What laptops have exactly the same keyboard as powerbooks?

Discussion in 'Buying Tips, Advice and Discussion (archive)' started by GULCkid, May 13, 2005.

  1. GULCkid macrumors member

    Joined:
    Mar 21, 2005
    #1
    Do all mac laptops have exactly the same keyboard (size, layout)?

    Specifically, I have a new 15"PB and I'm looking at older (but still g4) iBooks on ebay, as well as cheap dell laptops.. but i don't want to get one unless the keyboard will be exactly the same size.

    Thanks
     
  2. Electric Monk macrumors member

    Joined:
    Jan 9, 2005
    #2
    Modern Apple laptops use the same keyboard layout and size (i.e. the 12" PB has the exact same keyboard as the 17" PB), but the quality of the iBooks keyboard is a lot worse versus the Powerbook.

    Dell's (and all other x86 laptops) use a different layout, plus they vary in size and quality.

    Although why do you need it to be exactly the same size?
     
  3. GULCkid thread starter macrumors member

    Joined:
    Mar 21, 2005
    #3
    Thanks.

    I'm going to be using my laptop for finals in law school, and I've heard a lot of horror stories about people's laptops crapping out on them during the exams.. so I'm gonna get a cheap backup laptop.

    The reason that they need to be the same keyboard size/layout is because these are timed exams, and you can't do well (curved) unless you type extremely quickly. I can't type quickly on a keyboard I'm not used to.

    What's so bad about the ibook? PB too expensive :( I have an old G3 PB 500MHz, but I doubt it will be able to run OSX and MSWord04 smoothly
     
  4. James Philp macrumors 65816

    James Philp

    Joined:
    Mar 5, 2005
    Location:
    Oxford/London
    #4
    Sound like some strange-ass exams!
    Here at oxford everything is still hand written!
    Remember - It's quality, not quantity, so speed (a few words per min) shouldn't be that much of an issue, I take it you touch-type then?

    EDIT: I have a PB G3 500 Pismo 384 RAM running on Tiger, and am typing up my masters on word 04. A 10,000 word document with multiple figures and photos in it runs ok. Can even use Photoshop elements and safari with it. (a bit of beachballing at times though). - Never underestimate the power of old Mac hardware!
     
  5. GULCkid thread starter macrumors member

    Joined:
    Mar 21, 2005
    #5
    Thanks. Hopefully I won't have to buy a second laptop!

    Unfortunately on law school exams, at least in the US, the person who addresses the most issues gets the best grade. There is often not enough time for anyone to address all the issues, and since exams are graded on the curve, typing slowly (or hand-writing) will almost invariably reduce your grade.
     
  6. James Philp macrumors 65816

    James Philp

    Joined:
    Mar 5, 2005
    Location:
    Oxford/London
    #6
    ouch! so much for people who can put things succinctly and get to the point quickly then!
    But what do I know, I'm an engineer, so all I do is Math!
     
  7. mcgarry macrumors 6502a

    mcgarry

    Joined:
    Oct 19, 2004
    #7
    The knock on the iBook keyboard is its flexibility, which some might call sponginess. It has some give to it. Maybe this applies more to harder typists, I don't know. The iBook keyboard is a removable piece of plastic that covers the slots for RAM and Airport. Many users report that it can't quite sit level, or that the space bar sits unevenly (higher on one side) no matter what, etc. Some people just don't like the feel of it, but of course this is subjective. Personally, the current PowerBooks' keyboard is the best-feeling keyboard I have ever used, desktop or laptop, but that's just my opinion. Many people get along just fine with their iBook keyboards.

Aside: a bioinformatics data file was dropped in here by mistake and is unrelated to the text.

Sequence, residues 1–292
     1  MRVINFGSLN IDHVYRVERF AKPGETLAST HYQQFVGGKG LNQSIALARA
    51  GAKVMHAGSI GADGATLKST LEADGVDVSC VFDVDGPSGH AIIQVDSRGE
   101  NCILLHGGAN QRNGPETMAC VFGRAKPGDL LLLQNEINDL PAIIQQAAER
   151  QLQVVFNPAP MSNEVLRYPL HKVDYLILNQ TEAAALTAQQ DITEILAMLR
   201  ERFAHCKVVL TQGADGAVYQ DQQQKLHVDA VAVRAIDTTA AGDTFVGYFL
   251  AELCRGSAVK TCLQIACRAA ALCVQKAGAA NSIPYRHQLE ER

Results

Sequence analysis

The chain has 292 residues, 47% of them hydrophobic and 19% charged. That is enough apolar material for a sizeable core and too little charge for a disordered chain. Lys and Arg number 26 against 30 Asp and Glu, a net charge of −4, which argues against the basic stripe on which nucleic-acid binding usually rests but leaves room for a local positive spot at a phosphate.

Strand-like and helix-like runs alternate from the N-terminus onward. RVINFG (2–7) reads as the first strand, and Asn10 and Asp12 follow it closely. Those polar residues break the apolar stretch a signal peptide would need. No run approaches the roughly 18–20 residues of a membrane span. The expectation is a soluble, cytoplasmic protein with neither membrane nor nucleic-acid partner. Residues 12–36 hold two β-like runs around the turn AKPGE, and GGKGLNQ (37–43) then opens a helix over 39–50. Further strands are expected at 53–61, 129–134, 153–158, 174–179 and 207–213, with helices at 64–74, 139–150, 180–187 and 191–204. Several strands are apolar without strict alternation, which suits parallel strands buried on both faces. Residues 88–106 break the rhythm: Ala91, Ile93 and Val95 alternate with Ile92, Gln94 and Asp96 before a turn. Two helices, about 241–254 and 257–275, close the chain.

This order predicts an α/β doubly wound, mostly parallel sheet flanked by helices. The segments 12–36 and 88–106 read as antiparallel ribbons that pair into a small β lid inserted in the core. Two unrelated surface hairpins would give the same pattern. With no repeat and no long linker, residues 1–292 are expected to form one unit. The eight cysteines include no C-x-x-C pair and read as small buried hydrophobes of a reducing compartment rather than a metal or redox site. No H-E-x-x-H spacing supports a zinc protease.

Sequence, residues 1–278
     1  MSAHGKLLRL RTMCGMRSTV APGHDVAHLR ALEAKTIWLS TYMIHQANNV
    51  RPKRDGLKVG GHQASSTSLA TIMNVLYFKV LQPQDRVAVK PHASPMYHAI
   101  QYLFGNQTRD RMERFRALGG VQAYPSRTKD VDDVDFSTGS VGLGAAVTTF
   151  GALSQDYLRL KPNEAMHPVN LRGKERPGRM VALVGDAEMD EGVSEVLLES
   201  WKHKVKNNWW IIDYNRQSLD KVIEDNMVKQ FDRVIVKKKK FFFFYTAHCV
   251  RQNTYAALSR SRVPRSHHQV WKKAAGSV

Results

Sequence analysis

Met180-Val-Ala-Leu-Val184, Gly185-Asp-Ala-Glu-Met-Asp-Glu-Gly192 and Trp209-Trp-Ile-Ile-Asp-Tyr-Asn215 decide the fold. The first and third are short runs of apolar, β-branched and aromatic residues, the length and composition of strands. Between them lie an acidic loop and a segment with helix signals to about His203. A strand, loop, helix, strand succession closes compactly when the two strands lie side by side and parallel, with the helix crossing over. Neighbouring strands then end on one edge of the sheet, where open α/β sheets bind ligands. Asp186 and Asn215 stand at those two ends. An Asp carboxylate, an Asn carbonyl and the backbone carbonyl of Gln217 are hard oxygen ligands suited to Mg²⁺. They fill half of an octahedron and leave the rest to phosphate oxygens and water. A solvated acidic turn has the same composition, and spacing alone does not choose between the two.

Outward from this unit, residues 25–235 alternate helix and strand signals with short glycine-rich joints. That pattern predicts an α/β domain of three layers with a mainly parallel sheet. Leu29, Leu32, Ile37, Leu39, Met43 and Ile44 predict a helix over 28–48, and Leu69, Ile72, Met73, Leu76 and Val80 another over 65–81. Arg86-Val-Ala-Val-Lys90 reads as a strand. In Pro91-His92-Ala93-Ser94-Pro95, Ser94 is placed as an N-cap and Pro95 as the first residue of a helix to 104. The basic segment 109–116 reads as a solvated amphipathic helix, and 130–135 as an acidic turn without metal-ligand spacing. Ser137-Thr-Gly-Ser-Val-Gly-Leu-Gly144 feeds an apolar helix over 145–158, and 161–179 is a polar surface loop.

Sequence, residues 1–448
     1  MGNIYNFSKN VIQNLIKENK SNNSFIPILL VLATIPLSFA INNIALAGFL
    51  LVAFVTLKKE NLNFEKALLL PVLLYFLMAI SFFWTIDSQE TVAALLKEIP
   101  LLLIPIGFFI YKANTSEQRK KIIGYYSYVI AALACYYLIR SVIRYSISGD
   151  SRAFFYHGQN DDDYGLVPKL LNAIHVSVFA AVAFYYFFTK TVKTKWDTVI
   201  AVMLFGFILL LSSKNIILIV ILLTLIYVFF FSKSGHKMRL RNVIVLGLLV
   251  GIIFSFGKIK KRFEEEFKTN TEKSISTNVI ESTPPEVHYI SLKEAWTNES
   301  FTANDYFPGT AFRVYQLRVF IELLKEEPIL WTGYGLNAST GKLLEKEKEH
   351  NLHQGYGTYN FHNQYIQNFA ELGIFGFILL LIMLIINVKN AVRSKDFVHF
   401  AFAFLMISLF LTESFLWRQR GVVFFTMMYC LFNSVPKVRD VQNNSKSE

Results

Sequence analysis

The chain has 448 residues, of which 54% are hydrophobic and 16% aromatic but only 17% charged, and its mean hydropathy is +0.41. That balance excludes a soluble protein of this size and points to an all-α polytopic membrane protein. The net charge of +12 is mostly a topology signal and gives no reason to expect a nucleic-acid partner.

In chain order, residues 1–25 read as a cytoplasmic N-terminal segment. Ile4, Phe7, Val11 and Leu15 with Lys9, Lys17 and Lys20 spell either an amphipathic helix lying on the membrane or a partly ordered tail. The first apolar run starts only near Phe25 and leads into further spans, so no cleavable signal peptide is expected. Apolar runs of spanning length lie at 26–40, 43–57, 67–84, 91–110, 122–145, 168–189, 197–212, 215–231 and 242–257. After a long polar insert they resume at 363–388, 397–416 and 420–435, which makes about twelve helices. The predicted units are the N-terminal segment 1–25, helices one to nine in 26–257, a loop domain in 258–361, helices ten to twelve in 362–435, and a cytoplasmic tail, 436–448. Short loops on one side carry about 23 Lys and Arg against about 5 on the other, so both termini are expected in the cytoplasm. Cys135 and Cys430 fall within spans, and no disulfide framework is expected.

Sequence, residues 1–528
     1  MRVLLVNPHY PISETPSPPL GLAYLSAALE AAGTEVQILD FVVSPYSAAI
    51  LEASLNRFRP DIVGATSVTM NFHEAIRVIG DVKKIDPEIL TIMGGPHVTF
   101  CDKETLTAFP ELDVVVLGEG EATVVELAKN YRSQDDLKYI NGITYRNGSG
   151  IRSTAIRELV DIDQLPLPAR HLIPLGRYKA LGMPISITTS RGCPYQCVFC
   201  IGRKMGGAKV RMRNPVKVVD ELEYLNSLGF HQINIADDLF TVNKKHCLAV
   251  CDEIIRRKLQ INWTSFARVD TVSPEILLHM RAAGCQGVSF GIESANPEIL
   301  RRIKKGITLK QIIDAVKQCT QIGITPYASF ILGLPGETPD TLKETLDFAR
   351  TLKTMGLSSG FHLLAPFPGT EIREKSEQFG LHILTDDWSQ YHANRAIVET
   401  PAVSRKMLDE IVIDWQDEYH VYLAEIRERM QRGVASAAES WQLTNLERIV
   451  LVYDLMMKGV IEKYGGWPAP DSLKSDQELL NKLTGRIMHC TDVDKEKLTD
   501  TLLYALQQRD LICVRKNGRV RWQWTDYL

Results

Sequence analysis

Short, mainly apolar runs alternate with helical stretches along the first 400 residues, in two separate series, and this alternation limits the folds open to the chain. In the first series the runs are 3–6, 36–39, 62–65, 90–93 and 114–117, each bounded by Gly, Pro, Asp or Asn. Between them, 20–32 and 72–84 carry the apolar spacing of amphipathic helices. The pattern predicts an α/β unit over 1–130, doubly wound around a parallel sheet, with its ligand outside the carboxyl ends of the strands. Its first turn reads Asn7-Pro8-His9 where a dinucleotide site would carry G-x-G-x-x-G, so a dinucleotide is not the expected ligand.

As for the PB being "too expensive," it is certainly more expensive than the iBook, but when you use BTO options to configure them similarly (RAM, HDD, and BT), the difference in $US is only 20% of the PB price. That's not necessarily a huge difference in the context of your larger purchase, and you do get faster CPU/FSB/HDD/GPU, twice the VRAM, and a few other extras that may or may not prove useful. But yes, the iBook is cheaper. If the iBook keyboard doesn't suit you, search for rev. C PBs on closeout; some deals have been reported hereabouts.
     
  8. mcarnes macrumors 68000

    mcarnes

    Joined:
    Mar 14, 2004
    Location:
    USA! USA!
    #8
    Never had a problem with my iBook keyboard. You just want to lock the center screw (the little circle above the "6" key). This will provide support in the keyboard center where it seems to flex the most.

    With the added support, the keyboard is pretty solid. Keeps others from tampering with RAM and airport card too. That's what the screw is meant to do.
     
  9. wordmunger macrumors 603

    wordmunger

    Joined:
    Sep 3, 2003
    Location:
    North Carolina
    #9
    I'm a writer, so I'm typing constantly on my iBook. I actually prefer the iBook to the most recent PowerBook computers. I find that I make more typos when I'm working on my wife's PowerBook compared to the iBook. I think of the "sponginess" as a benefit -- it is easier on the fingers during longer typing sessions. I don't type particularly hard, so maybe that's the difference: if you have a light touch on the keyboard, you'll prefer the iBook, and a harder touch might prefer the PowerBook.

    I should also add that if you're in the market for a used computer, the old clamshell iBooks have awesome keyboards, very solid feeling.
     
  10. shane-o-mac macrumors regular

    shane-o-mac

    Joined:
    Jan 24, 2005
    #10

    I second this, my powerbook keyboard is the finest keyboard in all the land from far and wide! At least in comparison with every other computer I have ever used.
    :D
     

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